Sporting Vernacular 16: Umpire

Click to follow
The Independent Online
WITH cricket's World Cup taking place on the island where it developed it's appropriate that the very word reflects its Anglo Saxon origins. As with the empire that spawned the game, there was a certain French input, too.

Edward I's wardrobe bill in March 1300 included pounds 6 for young Prince Edward's school "Creag" expenses, and the root is the Anglo Saxon "Cryce" or "Stick', and there is evidence the game was played on the Sussex Weald before the Normans' innings began. To this day, the cricket pitch is 66 feet long, the width of a farmer's holding under the medieval agriculture system.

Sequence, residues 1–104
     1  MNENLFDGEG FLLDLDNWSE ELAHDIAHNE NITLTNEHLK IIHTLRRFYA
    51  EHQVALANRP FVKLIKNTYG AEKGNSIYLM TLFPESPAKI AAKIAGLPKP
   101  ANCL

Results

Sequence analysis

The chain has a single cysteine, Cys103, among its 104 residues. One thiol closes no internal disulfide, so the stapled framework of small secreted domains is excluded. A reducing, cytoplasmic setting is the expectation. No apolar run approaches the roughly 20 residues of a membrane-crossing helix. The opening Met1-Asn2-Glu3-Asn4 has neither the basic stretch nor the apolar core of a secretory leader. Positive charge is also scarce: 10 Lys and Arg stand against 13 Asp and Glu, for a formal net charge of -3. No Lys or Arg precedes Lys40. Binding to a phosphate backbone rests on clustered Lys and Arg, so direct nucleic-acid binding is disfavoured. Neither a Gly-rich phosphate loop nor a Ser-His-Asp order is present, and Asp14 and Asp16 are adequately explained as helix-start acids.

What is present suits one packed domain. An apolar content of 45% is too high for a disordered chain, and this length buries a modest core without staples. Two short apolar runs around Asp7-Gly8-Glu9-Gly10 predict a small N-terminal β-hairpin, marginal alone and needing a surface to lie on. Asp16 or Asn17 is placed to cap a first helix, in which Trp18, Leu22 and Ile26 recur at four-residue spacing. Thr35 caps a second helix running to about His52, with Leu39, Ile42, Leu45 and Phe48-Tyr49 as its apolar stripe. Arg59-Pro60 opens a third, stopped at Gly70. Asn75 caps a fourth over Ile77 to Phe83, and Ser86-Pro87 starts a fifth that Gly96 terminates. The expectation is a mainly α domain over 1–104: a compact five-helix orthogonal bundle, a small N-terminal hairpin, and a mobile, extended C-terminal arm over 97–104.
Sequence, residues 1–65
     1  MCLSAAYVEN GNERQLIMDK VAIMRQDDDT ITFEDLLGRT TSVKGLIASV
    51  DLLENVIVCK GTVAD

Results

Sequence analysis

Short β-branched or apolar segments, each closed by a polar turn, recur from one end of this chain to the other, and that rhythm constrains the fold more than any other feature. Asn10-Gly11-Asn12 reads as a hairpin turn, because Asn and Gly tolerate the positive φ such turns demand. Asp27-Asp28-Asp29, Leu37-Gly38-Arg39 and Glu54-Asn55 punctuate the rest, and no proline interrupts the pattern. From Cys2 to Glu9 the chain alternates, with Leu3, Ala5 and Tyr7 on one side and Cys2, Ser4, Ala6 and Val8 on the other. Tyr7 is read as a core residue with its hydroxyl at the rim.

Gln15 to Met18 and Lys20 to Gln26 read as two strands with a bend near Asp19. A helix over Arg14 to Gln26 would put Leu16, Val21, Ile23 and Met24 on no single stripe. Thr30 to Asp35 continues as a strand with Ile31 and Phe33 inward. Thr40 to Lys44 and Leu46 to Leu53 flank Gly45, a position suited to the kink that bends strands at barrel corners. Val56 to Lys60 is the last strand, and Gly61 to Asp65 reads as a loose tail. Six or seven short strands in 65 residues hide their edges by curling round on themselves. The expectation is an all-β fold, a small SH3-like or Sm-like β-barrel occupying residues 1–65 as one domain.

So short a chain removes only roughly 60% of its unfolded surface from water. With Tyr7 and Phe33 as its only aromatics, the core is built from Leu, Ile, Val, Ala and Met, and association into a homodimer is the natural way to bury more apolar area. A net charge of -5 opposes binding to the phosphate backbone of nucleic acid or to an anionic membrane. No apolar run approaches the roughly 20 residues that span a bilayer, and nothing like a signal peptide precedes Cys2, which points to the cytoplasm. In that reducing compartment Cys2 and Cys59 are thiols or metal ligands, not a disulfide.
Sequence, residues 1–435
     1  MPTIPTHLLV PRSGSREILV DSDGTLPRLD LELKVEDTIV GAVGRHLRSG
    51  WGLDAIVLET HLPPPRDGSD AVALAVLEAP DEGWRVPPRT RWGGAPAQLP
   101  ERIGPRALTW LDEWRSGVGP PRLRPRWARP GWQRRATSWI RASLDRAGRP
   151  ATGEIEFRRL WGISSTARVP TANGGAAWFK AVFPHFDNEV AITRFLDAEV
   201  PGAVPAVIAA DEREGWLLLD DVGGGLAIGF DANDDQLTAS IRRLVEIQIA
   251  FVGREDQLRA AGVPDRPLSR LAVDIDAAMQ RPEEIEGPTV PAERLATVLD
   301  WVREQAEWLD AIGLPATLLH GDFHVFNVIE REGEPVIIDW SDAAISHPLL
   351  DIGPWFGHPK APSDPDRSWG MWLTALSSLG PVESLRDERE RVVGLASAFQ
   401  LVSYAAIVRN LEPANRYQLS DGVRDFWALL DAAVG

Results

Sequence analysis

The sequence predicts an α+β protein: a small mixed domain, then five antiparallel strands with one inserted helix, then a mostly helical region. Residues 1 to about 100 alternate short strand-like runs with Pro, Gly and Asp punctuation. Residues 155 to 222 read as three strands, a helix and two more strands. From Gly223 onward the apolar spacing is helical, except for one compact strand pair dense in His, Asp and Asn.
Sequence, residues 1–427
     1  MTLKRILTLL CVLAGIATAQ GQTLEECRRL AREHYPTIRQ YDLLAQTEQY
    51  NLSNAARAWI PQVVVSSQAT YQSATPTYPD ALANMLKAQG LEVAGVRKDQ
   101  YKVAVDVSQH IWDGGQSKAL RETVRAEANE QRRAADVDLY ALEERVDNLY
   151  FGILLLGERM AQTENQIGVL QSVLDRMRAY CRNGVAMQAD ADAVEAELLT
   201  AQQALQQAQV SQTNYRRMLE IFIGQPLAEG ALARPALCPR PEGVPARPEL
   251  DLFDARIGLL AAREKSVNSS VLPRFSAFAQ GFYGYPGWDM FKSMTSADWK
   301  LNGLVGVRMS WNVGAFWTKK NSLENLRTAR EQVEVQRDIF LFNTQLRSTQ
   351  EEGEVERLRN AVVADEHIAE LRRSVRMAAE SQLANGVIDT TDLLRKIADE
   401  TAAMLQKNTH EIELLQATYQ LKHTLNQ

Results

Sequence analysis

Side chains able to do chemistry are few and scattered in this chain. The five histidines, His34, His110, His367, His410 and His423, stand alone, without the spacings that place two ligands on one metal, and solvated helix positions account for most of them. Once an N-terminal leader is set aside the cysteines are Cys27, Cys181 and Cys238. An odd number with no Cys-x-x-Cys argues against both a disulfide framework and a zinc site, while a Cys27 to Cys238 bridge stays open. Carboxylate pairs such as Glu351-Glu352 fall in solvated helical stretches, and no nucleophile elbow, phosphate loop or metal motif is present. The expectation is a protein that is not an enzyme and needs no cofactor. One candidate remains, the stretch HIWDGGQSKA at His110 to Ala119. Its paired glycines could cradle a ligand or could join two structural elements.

In 1540, the Catholic Stony and Hurst School fled to Rouen to escape persecution, taking cricket with them. It was there the word "umpire" entered the game, from "non pair" - not equal, and therefore neutral. From there it became "Noumpere" later dropping the N to become the umpire we have today.